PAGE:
Thank God! Pray to him by name! Tell everyone you meet what he has done! Sing him songs, belt out hymns, translate his wonders into music! Honor his holy name with Hallelujahs, you who seek God. Live a happy life! Keep your eyes open for God, watch for his works; be alert for signs of his presence. [Psalm 105:1-3 (MSG)]

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TRUE LOVE

Love never gives up. Love never cares more for others than for self. Loves doesn’t want what it doesn’t have. Love doesn’t strut, doesn’t have a swelled head, Doesn’t force itself on others, isn’t always “me first.” Doesn’t fly off the handle, doesn’t keep score of the sins of others, Doesn’t revel when others grovel. Takes pleasure in the flowering of truth, Puts up with anything, trusts God always, always looks for the best, Never looks back, but keeps going to the end. [1 Corinthians 13:4-7 (MSG)]

8-19-1967When I married my husband, I was only twenty years old. Although I would never have admitted it then, I had no real concept of what true love actually entailed or the seriousness of the vows I was taking. Standing in front of a minister and 200 guests, I promised to “love him, comfort him, honor, and keep him in sickness and in health” and to forsake all others. I vowed, from that day forward, to “have and to hold…for better for worse, for richer for poorer, in sickness and in health,” and to love and cherish him until we parted at death. I said those words without the vaguest understanding of just how bad “for worse” could get or how little money “for poorer” might be. I didn’t consider that sickness would mean much more than a case of the flu or how long it could be until death would separate us. Having known each other for less than a year when we wed, neither of us had any idea how difficult it actually is to cherish someone whose words or actions hurt us or with whom we disagree. I doubt we’re the only ones who entered into marriage so naively.

Today is our anniversary and, in the fifty-two years since our wedding day, we’ve experienced good and not so good times, periods of plenty and sparseness, illness and well-being, tragedy and joy, fullness and emptiness, anger and forgiveness, excitement and tedium, labor and leisure, turmoil and peace, discontent and satisfaction. We know from experience that it’s not always easy to love, comfort, honor, forsake, and cherish.

We used to joke that we only stayed together because of the children (neither of us wanted custody of them) and the grands (neither of us would risk losing them)! But, that isn’t it. Paul’s words about love in 1 Corinthians 13 were read at our wedding and those words have guided us ever since that day. Early in our marriage, we realized that love is more than a feeling; it isn’t something one falls into or out of. Love is a conscious choice and one we choose to make every day. None of us are loveable all of the time; we can, however, choose to be loving all of the time!

Father in heaven, let your love fill our hearts and lives. Thank you for giving us people to love, comfort, honor, and cherish. Thank you also for placing people in our lives who somehow manage to love, comfort, honor and cherish us, as well. Shower your blessings upon them.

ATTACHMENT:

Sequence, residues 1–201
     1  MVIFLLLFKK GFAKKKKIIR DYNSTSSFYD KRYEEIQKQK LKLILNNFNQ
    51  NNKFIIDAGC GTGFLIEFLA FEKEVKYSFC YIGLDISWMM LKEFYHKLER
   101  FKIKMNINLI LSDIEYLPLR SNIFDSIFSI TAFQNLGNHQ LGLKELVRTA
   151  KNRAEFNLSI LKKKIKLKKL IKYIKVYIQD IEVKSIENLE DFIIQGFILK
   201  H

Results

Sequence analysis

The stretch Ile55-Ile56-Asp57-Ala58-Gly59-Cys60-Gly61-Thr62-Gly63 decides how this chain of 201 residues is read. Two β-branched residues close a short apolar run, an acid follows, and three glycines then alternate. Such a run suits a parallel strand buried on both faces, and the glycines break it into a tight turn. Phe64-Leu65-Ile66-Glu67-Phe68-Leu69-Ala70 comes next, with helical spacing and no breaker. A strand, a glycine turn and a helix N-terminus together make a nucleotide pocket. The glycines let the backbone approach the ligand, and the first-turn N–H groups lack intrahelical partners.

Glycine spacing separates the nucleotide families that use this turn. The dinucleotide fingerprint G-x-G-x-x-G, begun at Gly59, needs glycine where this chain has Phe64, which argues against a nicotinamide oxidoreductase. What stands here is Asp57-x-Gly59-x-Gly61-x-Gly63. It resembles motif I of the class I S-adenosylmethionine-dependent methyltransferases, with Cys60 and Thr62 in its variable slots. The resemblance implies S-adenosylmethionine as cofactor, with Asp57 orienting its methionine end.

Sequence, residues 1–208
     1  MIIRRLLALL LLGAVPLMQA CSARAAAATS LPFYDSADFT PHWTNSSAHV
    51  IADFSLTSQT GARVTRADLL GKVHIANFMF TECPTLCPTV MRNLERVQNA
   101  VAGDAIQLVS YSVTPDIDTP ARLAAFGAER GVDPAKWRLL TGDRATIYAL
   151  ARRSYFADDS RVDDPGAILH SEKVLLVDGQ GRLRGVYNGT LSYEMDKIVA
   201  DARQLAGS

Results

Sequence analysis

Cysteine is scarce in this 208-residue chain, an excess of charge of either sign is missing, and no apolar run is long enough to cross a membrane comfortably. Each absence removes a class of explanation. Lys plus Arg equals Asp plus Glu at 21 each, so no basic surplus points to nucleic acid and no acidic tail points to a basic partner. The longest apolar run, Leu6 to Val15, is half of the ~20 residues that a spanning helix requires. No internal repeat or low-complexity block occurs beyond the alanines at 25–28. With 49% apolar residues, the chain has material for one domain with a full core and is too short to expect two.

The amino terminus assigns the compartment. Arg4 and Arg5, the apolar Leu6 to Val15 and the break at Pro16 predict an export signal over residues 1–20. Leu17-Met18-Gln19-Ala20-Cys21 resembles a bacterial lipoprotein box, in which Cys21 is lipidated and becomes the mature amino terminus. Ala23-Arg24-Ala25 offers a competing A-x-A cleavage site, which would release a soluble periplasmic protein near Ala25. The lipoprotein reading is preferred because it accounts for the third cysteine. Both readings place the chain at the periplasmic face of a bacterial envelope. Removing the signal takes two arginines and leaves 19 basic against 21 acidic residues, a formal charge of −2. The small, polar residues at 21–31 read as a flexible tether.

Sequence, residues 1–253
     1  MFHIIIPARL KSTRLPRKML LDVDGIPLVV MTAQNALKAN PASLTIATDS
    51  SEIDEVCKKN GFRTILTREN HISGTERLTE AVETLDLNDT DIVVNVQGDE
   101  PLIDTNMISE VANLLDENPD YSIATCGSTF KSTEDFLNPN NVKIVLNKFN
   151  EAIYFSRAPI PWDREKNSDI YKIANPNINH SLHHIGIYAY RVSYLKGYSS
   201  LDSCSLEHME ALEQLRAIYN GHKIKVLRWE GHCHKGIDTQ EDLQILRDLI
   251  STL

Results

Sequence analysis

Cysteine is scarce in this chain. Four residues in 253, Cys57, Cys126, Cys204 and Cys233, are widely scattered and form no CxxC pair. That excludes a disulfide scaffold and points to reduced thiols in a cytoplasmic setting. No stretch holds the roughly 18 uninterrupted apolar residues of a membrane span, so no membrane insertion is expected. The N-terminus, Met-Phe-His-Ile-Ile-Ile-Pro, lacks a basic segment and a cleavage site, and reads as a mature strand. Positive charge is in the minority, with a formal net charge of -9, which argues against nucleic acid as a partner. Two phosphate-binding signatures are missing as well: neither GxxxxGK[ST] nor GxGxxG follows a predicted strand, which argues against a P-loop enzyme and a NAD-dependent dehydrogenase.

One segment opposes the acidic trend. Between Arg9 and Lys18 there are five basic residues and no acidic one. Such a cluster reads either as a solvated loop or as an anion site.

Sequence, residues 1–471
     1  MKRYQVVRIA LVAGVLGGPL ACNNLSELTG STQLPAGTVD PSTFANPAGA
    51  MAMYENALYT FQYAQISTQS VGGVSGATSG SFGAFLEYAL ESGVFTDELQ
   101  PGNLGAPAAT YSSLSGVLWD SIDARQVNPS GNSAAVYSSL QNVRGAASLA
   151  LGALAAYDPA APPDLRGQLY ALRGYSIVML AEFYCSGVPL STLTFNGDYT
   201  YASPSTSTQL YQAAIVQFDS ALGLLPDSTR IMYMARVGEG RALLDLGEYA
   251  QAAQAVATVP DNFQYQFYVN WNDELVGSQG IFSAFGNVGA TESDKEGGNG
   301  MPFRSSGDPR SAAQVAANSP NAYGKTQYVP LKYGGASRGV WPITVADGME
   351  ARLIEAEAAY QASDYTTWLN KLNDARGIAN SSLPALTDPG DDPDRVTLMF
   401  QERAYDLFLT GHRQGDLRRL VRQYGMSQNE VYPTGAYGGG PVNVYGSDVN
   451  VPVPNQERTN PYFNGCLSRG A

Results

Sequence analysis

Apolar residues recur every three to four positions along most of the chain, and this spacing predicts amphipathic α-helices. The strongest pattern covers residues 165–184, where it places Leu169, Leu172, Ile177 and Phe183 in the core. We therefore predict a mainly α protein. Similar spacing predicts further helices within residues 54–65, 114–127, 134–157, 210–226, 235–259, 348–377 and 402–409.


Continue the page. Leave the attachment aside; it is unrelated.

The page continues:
O God … look mercifully upon these thy servants, that they may love, honour, and cherish each other, and so live together in faithfulness and patience, in wisdom and true godliness, that their home may be a haven of blessing and of peace. [From the Solemnization of Matrimony in “The Book of Common Prayer” (1952)]

Trust steadily in God, hope unswervingly, love extravagantly. And the best of the three is love. [1 Corinthians 13:13b (MSG)]

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DINGS AND DENTS

That Sunday evening the disciples were meeting behind locked doors because they were afraid of the Jewish leaders. Suddenly, Jesus was standing there among them! “Peace be with you,” he said. As he spoke, he showed them the wounds in his hands and his side. They were filled with joy when they saw the Lord! [John 20:19-20 (NLT)]

tiger swallowtail - butterflyWe’re selling our northern home and, as I packed up assorted family heirlooms, I came across the little sterling silver salt and pepper shakers we used for so many years. I held one in my hand a bit longer than the others; it had distinct teeth marks on it. For reasons that are unknown, my eldest child tried to bite through it. In spite of its obvious imperfection (or, perhaps because of it), the shaker is still beautiful. I’d wondered which child should get these silver pieces but, after remembering their history, I lovingly wrapped them up and placed them in my son’s box. I only hope his family will find the impressions of his baby teeth as beautiful as do I.

As I sorted through other family silver, I came to the sterling candle holders that were a wedding gift to my parents some 82 years ago. Like the salt and pepper set, they show their age with a few dents and scratches. My parent’s marriage, like the candle holders, wasn’t perfect but it endured through every circumstance. I decided to keep the candle sticks with our things as a reminder both to forgive and appreciate the beauty in imperfection.